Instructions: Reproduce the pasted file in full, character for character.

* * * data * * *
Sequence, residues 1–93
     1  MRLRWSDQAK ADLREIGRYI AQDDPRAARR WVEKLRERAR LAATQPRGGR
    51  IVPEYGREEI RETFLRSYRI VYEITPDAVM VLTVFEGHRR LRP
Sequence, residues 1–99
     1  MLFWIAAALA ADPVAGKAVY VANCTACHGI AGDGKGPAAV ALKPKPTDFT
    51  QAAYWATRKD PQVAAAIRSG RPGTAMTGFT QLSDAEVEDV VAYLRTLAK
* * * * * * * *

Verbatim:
Sequence, residues 1–93
     1  MRLRWSDQAK ADLREIGRYI AQDDPRAARR WVEKLRERAR LAATQPRGGR
    51  IVPEYGREEI RETFLRSYRI VYEITPDAVM VLTVFEGHRR LRP
Sequence, residues 1–99
     1  MLFWIAAALA ADPVAGKAVY VANCTACHGI AGDGKGPAAV ALKPKPTDFT
    51  QAAYWATRKD PQVAAAIRSG RPGTAMTGFT QLSDAEVEDV VAYLRTLAK